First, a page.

Palindromic Palettes, Part Trois: A Mini-project!

For the final post in this unintentional series, I’ll show you one of my favorite tricks to quickly create a beautiful background, using (surprise!) a Palindromic Palette.

Quick refresher: To mark the highly unusual palindromic dates in December 2021, my first Palindromic Palettes post from 12/1/21 started with my basic process for creating a palindromic palette:

  1. Open a palette file. (The ones I used in the examples below are all formatted as squares, but they don’t have to be.)
  2. Make a copy of the palette (in the same document).
  3. Flip the copy horizontally.
  4. Align the 2 palettes to combine into your very own Palindromic Palette!

In Part Deux, the 12/11/21 post, I showed you how simply turning a palindromic palette 90° could give a completely different look, as well as additional design options. And today, for my final Palindromic Palettes post to mark 12/22/21, we’ll take that idea one step further, thus:

The first step is to create your palindromic palette. (As noted on this screenshot, I created this project in Canva, a fantastic free resource, with whom I am not affiliated — I just really like them.) This palette is Caribbean Christmas, available as a set of digital papers for download.
Next, select your palette and duplicate it. Select the duplicate and rotate it 90° so the stripes are horizontal. (Shown in the process of rotating.)
Here, I’ve rotated the duplicate palette, and am in the process of aligning it exactly on top of the original.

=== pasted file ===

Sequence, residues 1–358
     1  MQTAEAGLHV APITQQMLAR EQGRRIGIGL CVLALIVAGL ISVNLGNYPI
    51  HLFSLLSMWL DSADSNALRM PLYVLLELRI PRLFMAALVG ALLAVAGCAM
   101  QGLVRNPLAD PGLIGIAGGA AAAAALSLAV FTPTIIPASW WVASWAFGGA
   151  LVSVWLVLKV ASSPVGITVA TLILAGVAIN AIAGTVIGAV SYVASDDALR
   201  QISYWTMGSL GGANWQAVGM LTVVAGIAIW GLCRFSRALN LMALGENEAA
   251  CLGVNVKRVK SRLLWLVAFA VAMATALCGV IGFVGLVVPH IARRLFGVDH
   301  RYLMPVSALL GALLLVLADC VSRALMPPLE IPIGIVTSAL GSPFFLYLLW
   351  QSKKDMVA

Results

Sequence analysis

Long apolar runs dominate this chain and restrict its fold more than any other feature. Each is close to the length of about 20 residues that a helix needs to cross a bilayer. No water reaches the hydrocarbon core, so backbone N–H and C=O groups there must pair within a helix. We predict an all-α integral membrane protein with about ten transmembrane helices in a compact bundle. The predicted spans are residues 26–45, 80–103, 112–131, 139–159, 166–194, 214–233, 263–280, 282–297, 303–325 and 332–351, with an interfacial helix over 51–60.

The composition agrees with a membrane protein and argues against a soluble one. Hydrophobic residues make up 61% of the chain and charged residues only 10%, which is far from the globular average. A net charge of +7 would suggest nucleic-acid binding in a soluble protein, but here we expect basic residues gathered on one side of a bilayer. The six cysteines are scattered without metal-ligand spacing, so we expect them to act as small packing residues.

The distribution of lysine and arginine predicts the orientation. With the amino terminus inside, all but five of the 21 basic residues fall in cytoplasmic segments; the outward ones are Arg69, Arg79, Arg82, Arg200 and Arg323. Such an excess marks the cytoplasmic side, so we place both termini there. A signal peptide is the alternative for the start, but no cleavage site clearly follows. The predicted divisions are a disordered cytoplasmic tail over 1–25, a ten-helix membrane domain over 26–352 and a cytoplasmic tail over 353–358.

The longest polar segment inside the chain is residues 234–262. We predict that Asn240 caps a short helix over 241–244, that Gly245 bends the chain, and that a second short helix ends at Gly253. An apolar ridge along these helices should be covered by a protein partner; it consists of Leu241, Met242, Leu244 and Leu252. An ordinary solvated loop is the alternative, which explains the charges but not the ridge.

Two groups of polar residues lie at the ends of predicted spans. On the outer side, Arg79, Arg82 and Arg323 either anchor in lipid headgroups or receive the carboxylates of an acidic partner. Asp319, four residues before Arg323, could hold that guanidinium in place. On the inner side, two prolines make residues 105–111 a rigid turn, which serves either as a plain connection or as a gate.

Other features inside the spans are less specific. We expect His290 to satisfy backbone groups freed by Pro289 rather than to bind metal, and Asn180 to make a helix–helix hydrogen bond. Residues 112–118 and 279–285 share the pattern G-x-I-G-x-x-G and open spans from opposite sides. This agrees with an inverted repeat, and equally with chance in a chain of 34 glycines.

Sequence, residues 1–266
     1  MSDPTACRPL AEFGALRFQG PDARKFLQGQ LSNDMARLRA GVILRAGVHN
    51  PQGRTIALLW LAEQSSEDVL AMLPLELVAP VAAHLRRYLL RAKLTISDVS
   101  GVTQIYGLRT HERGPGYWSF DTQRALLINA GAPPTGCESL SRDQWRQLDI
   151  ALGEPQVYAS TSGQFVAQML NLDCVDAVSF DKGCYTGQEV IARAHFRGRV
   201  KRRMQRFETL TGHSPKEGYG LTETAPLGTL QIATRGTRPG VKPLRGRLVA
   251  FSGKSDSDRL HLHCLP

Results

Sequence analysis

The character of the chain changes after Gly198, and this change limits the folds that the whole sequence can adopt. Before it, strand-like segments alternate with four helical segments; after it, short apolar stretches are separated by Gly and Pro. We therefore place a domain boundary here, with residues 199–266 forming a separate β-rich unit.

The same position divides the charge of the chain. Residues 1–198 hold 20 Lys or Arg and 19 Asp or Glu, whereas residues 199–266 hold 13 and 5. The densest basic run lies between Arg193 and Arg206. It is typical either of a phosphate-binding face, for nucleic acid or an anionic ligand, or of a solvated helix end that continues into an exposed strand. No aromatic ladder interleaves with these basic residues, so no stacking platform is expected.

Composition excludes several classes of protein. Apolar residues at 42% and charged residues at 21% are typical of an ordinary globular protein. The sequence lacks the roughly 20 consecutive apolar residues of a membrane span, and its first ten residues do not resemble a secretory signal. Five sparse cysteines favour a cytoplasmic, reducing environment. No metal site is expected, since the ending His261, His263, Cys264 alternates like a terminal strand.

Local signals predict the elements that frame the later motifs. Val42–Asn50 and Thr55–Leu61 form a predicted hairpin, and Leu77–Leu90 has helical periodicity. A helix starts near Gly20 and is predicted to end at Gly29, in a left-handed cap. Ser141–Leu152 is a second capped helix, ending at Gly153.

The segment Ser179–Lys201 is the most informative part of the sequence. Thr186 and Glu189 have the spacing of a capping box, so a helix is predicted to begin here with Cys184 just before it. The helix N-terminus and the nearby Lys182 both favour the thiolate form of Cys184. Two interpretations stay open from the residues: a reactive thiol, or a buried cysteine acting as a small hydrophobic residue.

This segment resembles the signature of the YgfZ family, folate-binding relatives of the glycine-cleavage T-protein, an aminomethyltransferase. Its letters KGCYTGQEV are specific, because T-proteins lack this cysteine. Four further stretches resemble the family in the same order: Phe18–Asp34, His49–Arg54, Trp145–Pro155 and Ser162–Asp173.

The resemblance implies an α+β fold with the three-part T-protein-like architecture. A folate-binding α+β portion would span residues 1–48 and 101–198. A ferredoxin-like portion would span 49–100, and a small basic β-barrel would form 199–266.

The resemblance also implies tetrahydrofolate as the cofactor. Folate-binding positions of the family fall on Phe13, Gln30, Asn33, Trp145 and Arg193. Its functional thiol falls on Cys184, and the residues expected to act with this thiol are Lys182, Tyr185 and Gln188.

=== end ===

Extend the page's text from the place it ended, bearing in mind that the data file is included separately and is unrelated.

Step 3, a.k.a. where the magic happens: With the duplicate (top) palette selected, change the transparency to reveal a gorgeous pattern. I used 50% transparency for this example, but do experiment with this setting! (Note: The original layer is still at 100% opacity in this example; I changed transparency of the top layer only, but again, experiment!)
Finally, add some text, and voilà — a uniquely beautiful design perfect for social media posts, blog images, and print designs (I can see this one on a greeting card or even a mug). This is also giving me ideas about creating seamless repeating patterns for textile designs, or how about custom gift wrap?? I think this particular one would look great as a pillow cover…hmmm…

And as mentioned on that last screenshot, I highly recommend trying this super-quick project with a wide variety of palettes to see what a difference it makes to use different color combinations. My Caribbean Christmas palette, used in this example, is particularly high-contrast with its color range from deep teal to bright coral-red, so going in the opposite direction, like with a palette that’s all pastel-y shades of pinks or taupes would look incredibly different from my example. Pro tip: If you already have your own branding color palette, why not use that for branding graphics, social media designs, etc.??

Happy Holidays, all!

Lindy

P.S. I would be thrilled to see what you come up with from this mini-tutorial! Post your designs below!

P.P.S. I’m busy setting up my very own YouTube channel, and a video version of this post will be available very soon —  I’ll add a link here when it’s ready!

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